Director: Ingmar Bergman
Starring: Victor Sjostrom, Bibi Anderson, Ingrid Thulin
For a film that is ostensibly concerned with emptiness, Ingmar Bergman’s Wild Strawberries is a deep and enthralling film experience. Unfolding in a dreamy, lyrical fashion, the film follows Isak Borg, a professor of medicine who realizes that his life has been meaningless and tries to create some meaning for it before it’s too late. Chances are that this is a film that you’ll either love or be utterly bored by, but if you’re looking to make your first foray into Bergman’s work, this one is pretty easily accessible.
Dr. Borg, played by Victor Sjostrom, is an old man, a widower with one son who is about to receive an award to celebrate his 50 years of medical practice. Forced to acknowledge that he’s closer to the end than he is to the beginning, he starts to reflect on his life and the reason for the loneliness he feels at his core. His daughter-in-law, Marianne (Ingrid Thulin) joins him on the drive to the ceremony, during which they discuss his son, Evald (Gunnar Bjornstrand). Marianne insists that Evald is a lot like Isak, which has created problems in the marriage, particularly where the subject of children is concerned. Much is made by others of the fact that Marianne and Evald have been married for some time and have no children and Marianne reveals to Isak that she’s pregnant. It’s the worst possible news for Evald, who wants no children because he doesn’t want them to have to endure the pattern of coldness and meaninglessness that has been established by his family. Marianne is determined that this time she will have a baby, even though it means she may have to choose between it and Evald, a concept which she finds impossible.
Isak and Marianne stop briefly at a house where his family spent summers during his childhood. While there Isak imagines the day of his uncle’s anniversary celebration, when his cousin Sara (Bibi Anderson) gathered wild strawberries for him as a gift. Isak and Sara were secretly engaged - though in fact the engagement was common knowledge thanks to family gossip - but Isak’s brother, Sigfrid (Per Sjostrand), also had designs on her. Though she knows that Isak is the good brother and Sigfrid a scoundrel, Sara is nevertheless attracted to Sigfrid and eventually he is the one she will marry. What is interesting about these memories is that they aren’t really memories at all, given that what unfolds are scenes at which Isak was never present. During the day of the anniversary celebration, Isak was out in the boat with his father and so these scenes are constructions based on second-hand knowledge and hindsight. Later Isak will remember a scene to which he was a witness – his wife’s tryst with another man – but once again the younger version of Isak does not figure into the scene. Even in his own memories, Isak is a distant figure who does not actively participate.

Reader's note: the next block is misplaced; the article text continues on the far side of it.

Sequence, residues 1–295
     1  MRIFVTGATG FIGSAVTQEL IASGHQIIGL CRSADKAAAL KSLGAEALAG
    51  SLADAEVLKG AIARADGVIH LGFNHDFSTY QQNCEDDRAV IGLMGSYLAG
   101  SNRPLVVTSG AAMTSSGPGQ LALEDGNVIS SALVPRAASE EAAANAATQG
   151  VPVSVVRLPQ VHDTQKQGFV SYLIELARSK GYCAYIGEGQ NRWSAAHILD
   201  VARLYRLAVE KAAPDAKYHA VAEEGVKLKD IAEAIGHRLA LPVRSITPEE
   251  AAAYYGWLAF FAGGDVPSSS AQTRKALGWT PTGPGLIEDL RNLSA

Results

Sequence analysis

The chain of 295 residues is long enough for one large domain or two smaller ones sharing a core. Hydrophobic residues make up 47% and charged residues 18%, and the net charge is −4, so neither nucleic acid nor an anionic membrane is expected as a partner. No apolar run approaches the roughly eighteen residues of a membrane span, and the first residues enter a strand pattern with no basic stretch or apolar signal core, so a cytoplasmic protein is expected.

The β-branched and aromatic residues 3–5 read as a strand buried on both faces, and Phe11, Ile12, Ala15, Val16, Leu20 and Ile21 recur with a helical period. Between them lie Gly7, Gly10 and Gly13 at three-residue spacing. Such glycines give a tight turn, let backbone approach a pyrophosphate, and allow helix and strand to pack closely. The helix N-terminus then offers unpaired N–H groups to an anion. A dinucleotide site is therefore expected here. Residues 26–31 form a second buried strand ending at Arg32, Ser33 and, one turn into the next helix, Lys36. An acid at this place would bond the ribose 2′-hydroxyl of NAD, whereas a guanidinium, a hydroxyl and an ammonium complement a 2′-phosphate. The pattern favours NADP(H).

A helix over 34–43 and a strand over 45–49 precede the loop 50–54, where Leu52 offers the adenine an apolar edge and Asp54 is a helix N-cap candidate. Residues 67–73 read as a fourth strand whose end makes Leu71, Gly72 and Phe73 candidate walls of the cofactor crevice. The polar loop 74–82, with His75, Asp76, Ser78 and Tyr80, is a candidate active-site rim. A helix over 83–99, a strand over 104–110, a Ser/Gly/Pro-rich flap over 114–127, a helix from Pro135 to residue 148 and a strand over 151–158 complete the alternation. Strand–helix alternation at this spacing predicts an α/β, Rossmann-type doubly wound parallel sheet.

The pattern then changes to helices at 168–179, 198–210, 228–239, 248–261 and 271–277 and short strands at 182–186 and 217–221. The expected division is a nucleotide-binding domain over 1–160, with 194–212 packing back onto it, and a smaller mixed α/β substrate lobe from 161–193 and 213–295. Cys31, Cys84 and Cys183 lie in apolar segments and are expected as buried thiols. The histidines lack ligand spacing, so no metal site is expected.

As a director, Bergman is well-known for symbolism, for the almost relentless way in which each shot tries to impart meaning. This film certainly relies on symbolism – particularly in a dream sequence towards the beginning – but I found it less symbolically aggressive than the other Bergman films I’ve seen (The Seventh Seal and Persona), and while it starts off a little slow, it quickly becomes an absorbing meditation on the meaning, or lack thereof, of life. The film aspires to be high-brow art with a capital "A" but it manages to do so with minimal pretensiousness.
While the film is, for the most part, quite dark in its subject matter, it is told with a lightness of touch that is appropriate to its dreamy structure. It also, surprisingly, ends on something of a light note. Isak, having realized that his coldness makes him not only stand out but stand apart from all those around him, tries to forge a connection with his long-suffering housekeeper. He suggests to her that they begin calling each other by their first names, a suggestion which she immediately turns down. What would people think if they suddenly started speaking to each other with such familiarity? Besides which, in their shared routines, the gentle way in which they bicker and depend on one another, they have already gained a level of intimacy that he has never before shared with anyone. Coming from a director best known for exploring existential crises, this is a surprisingly optimistic ending and, in its way, quite sweet. I certainly didn't expect that, but it was definitely a nice surprise.